Synopses & Reviews
The publication of The Wedding by Dorothy West, the last surviving member of the Harlem Renaissance, was not only a landmark literary event, but a commercial success as well. Readers across America responded to West's delicat weaving of North and South, black and white, past and present in this "fascinating and engrossing tale" (People) of race and class set in Martha's Vineyard.In her first novel in forty-seven years, West offers a window into the rise of the black middle class as she lived it. Wise, heartfelt, and shattering, The Wedding is Dorothy West's crowning achievement, and one of the last books edited for Doubleday by the late Jacqueline Kennedy Onassis.
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In her final novel, Dorothy West, the last suriving member of theHarlem Renaissance, offers an intimate glimpse into African American middle class. Set on bucolic Martha's Vineyard in the 1950s, The Weddingtells the story of life in the Oval, a proud, insular community made up of the best and brightest of the East Coast's black bourgeoisie. Within this inner circle of "blue-vein society," we witness the prominent Coles family gather for the wedding of the loveliest daughter, Shelby, who couldhave chosen from "a whole area of eligible men of the right colors and the right professions." Instead, she has fallen in love with and is about to be married to Meade Wyler, a white jazz musician from New York. A shock wave breaks over the Oval as its longtime members grapple with the changing face of its community.
With elegant, luminous prose, Dorothy West crowns her literary career by illustrating one family's struggle to break the shackles of race and class.
A "fascinating and engrossing tale" (People) by the last surviving member of the fabled Harlem Renaissance that explores universal truths of race, class, love, and social aspiration in a black enclave on Martha's Vineyard during the 1950s.
About the Author
Dorothy West founded the Harlem Renaissance literary magazine Challenge in 1934, and New Challenge in 1937, with Richard Wright as her associate editor. She was a welfare investigator and WPA relief worker in Harlem during the Depression. Her first novel, The Living Is Easy, appeared in 1948 and remains in print. Her second novel, The Wedding, was a national bestseller and literary landmark when published in the winter of 1995. A collection of her stories and autobiographical essays, The Richer, The Poorer, appeared during the summer of 1995. She lives on Martha's Vineyard.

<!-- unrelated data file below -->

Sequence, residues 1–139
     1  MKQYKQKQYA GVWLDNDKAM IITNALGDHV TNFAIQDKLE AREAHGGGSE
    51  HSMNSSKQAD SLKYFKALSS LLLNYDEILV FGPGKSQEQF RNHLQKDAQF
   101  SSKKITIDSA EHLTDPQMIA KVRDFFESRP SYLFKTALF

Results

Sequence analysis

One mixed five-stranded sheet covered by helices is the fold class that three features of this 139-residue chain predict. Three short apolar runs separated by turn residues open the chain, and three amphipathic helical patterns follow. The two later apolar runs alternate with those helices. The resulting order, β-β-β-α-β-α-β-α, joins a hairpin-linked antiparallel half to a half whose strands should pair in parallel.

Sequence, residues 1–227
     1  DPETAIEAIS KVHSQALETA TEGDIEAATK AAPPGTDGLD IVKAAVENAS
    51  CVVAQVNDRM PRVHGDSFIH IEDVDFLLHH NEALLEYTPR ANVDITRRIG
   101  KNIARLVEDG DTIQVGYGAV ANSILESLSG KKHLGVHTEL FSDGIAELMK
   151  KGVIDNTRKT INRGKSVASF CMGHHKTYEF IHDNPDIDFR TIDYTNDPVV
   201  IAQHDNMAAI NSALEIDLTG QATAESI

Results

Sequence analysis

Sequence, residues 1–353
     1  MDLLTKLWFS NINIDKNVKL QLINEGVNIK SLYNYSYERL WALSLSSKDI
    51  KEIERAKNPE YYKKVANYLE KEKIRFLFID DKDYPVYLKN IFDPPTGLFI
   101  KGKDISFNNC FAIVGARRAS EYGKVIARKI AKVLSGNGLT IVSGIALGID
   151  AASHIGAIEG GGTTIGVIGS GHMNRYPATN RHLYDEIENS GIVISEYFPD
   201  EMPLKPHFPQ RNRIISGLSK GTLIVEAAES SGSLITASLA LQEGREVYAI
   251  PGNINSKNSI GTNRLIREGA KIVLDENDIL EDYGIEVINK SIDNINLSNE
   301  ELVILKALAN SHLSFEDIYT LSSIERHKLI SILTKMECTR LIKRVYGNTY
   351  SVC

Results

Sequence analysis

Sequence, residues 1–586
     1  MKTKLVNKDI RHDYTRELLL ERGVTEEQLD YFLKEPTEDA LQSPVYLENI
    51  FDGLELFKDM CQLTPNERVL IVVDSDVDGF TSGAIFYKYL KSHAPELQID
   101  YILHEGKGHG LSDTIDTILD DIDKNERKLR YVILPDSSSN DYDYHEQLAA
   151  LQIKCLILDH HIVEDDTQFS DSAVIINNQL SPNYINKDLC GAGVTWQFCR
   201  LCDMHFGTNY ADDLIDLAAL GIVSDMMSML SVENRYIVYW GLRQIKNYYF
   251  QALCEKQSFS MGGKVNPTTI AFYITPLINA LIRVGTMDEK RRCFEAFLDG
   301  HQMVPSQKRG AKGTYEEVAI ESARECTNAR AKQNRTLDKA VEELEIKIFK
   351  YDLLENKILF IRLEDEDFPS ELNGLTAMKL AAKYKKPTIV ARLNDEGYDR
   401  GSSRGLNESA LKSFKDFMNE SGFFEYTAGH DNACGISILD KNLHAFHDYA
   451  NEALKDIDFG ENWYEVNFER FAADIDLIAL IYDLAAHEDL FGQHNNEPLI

Reading Group Guide
1. The novel's narrative and dialogue move the story along with a wealth of descriptive details setting the atmosphere for memorable scenes. Which details do you recall, and how do they serve their scenes?
2. The Weddingserves as a backdrop for the looming issues of race, interracial relationships, complexion, class, and an inherent sense of power and powerlessness. Discuss these issues within the context of the novel. What points does the author make?
3. The children--Barby, Tina, and Muffin--voice their young views on motherhood. What effects might their early experiences have on them as young women and adults? How do their small voices add a lyrical thread to the setting of the Oval?
4. Gram (Miss Caroline) mentally lives in a place long gone, unreconciled to her present. What significance does "Xanadu" (from Coleridge's "Kubla Khan"), hold in literature and how does West use the notion of Xanadu in its relation to Gram? to Hannibal? to Josephine? Does Xanadu serve as a metaphor for a larger context in The Wedding?
5. While the author sketches the beauty of the South, she is at her best weaving the smells, tastes, and sounds of Martha's Vineyard. Discuss the use of nature in the art of telling the story.
6. Who is Lute? As a father? As a husband? As a womanizer? What does he want? What does he represent--literally and figuratively? How does he embody Shelby's worst fears?
7. There are historical references to some of the characters' names in the novel--Hannibal, Isaac, etc. What messages are conveyed by using this literary device in the setup of these characters? What are some other examples in the novel? Think about Sabina.
8. Shelby as a young child gets lost on the Vineyard. Through this experience she learns she is "colored." Just before her wedding, she is confronted with the issue of "passing" and her lack of attention to colored men. How does she react to these insinuations? At what point does she become clear about her intentions to Meade, and why?
9. Labels (not names) such as Ebony Woman, Butternut Woman, Mr. White Trash, The Polack, and Mr. President, are devices used to tell a story with economy. What images do these labels evoke? How do these characters help move the story?
10. Salvation and redemption are themes that are crystallized in the relationship between Clark and the schoolteacher. Trace the lines of development. What other examples of illustrated themes can you point to in the novel?
11. A wedding does not actually occur in the novel for Meade and Shelby, but other marriages do. What is the basis for the selection of a spouse? What are the expectations? What are the factors and expectations related to your selection of a spouse?